Sunset Boulevard (Billy Wilder, 1950)

“Alright Mr DeMille, I’m ready for my close-up”.

What a line. It sums up perfectly the fragile mindset of one of the most brilliantly realised characters in cinematic history – Norma Desmond, portrayed by Gloria Swanson. It’s also memorable, quotable (and mis-quotable) and ironically very well delivered considering it is done so by a silent-era star playing a silent era star.

I’d been putting off seeing Sunset Boulevard for such a long time for two reasons. Firstly, I was sure I was going to love it so I wanted to savour the moment. Secondly, there is always a niggling feeling that I might not enjoy it as much as the hype suggested I would, so I was fearful I would be left disappointed. My experience was certainly very much in the former category.

The film opens with a classic film noir feel, a whodunnit of sorts. We are shown the ending at the start, with a convoy of police and news reporters converging on a mysterious man lying dead in the swimming pool of an unknown rich homeowner on Sunset Blvd. (as it is famously written in the film). We don’t know who this is or who owns the pool, but just as we start to ask ourselves that question, the narration continues and we rewind to six months earlier. From here we pick up the main thread of the film – a struggling screenwriter (Joe Gillis, portrayed by William Holden) is trying to write his breakthrough piece whilst avoiding the bailiffs threatening to take his car as payment for his debts. It is a standard but perfectly pitched opening gambit and it really pulled me in as a viewer. You can view this opening scene below:

As the film progresses into the central act, a series of coincidental events leads Gillis into the path of Desmond, a faded silent-era star who takes him under employment as the screenwriter of her comeback film. It is here that the film starts packing its biggest punches and thus I will stop commenting on the plot.

I found the way Wilder and Swanson dealt with the character of Norma Desmond absolutely mind-blowing. There is no detail lacking attention. She is filmed like a silent star. She is simply one of the greatest literary characters ever created. It’s a picture made for Gloria Swanson, with the role so ominously mirroring her real life. It is generally known that she was a hard-working and studious actress and she threw herself into this surprise return to leading actress status. She clearly knew the importance of this role and it shows in her detailed portrayal. It’s a performance that really deserves to be studied frame-by-frame. That is was completely shut out in the acting categories at the 23rd Academy Awards, is one of the greatest tragedies of the awards ceremony, though it faced tough competition from All About Eve and surprising competition from Born Yesterday,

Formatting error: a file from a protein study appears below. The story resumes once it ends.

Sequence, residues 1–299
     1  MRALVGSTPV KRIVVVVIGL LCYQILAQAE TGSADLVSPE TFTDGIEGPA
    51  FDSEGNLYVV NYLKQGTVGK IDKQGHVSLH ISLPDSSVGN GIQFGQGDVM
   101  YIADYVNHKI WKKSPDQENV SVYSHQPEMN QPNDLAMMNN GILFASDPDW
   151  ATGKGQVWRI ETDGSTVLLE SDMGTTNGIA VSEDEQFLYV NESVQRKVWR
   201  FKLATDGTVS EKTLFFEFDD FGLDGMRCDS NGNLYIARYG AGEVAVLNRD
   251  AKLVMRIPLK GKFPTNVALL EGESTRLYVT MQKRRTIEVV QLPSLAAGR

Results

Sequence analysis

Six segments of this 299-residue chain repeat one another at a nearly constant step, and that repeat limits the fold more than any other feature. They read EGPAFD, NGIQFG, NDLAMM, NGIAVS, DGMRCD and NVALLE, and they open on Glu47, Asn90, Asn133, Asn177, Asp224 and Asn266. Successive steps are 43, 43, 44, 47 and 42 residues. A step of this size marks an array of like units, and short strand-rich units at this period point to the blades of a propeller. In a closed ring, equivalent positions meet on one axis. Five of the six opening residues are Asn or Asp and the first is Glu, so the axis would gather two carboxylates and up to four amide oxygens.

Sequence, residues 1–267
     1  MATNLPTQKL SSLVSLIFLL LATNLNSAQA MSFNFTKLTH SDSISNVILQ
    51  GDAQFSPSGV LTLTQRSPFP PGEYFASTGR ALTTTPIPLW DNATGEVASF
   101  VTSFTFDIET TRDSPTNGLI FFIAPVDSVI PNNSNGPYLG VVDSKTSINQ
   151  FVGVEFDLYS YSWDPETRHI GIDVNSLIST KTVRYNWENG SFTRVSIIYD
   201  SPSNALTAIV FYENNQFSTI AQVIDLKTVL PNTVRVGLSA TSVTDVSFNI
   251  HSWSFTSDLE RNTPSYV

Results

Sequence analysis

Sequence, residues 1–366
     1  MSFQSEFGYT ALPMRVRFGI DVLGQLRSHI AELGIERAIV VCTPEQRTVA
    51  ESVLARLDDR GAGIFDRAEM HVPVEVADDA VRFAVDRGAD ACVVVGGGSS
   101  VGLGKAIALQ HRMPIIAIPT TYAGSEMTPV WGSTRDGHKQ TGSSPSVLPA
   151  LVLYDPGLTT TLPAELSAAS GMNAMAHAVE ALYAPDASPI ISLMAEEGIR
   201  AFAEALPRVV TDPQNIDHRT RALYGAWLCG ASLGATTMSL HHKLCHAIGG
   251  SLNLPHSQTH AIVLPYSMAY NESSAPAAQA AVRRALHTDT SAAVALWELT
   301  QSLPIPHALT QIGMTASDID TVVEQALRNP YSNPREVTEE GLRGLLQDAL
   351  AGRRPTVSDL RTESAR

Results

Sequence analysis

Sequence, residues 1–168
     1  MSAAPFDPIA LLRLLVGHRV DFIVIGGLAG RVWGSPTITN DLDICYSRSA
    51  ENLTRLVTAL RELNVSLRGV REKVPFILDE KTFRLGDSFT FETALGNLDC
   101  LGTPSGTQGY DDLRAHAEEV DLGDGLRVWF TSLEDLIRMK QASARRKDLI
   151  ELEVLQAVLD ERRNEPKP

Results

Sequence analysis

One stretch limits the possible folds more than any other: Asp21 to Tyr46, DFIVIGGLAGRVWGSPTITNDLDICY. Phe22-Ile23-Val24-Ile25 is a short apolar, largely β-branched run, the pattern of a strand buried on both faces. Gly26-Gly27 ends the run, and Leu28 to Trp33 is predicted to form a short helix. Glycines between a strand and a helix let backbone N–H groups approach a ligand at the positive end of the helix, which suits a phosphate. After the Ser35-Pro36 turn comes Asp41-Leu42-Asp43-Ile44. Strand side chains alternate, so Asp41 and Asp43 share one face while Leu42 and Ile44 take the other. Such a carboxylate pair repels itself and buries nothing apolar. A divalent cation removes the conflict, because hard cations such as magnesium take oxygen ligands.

That’s not to say it’s a one-person show. Eric von Stroheim, here playing Desmond’s butler, is also playing a character ominously similar to his real life scenario. A director in his own right, it was actually a film he directed that starred Gloria Swanson that ruined his career (1929’s Queen Kelly which, if you’re really keen, is shown briefly during Sunset Boulevard). Elsewhere, Buster Keaton and Cecil B. DeMille also have memorable appearances, as well as many other huge stars often mirroring their real life selves in one way or another.

The film has also been turned into a hugely successful musical at the hands of Don Black, Christopher Hampton and Andrew Lloyd Webber. Whilst this version really is a completely different take on an unlikely source for a musical, it has many merits and does it justice, though the popularity of Wilder’s film makes it a hard task to topple it as the ultimate telling of such an important story. You have to treat them as separate entities and I’m sure the aim of turning it into a musical wasn’t to attempt to overshadow the original.

I was blown away by this film and it’s one I will enjoy watching again in the near future, along with as many of Wilder’s films I can get my hands on.

Sunset Boulevard is available on Blu-ray now.

Advertisements

One Comment

  1. It was a great line…one of a few great ones such as… Norma’s declaration, “I am big…it’s the pictures that got small.” Or Gillis’s admonishment,”There’s nothing tragic about being fifty. Not unless you’re trying to be twenty-five.”…classic lines, in a classic film. Thanks

    Reply

Leave a Reply

Fill in your details below or click an icon to log in:

WordPress.com Logo

You are commenting using your WordPress.com account. Log Out /  Change )

Google+ photo

You are commenting using your Google+ account. Log Out /  Change )

Twitter picture

You are commenting using your Twitter account. Log Out /  Change )

Facebook photo

You are commenting using your Facebook account. Log Out /  Change )

Connecting to %s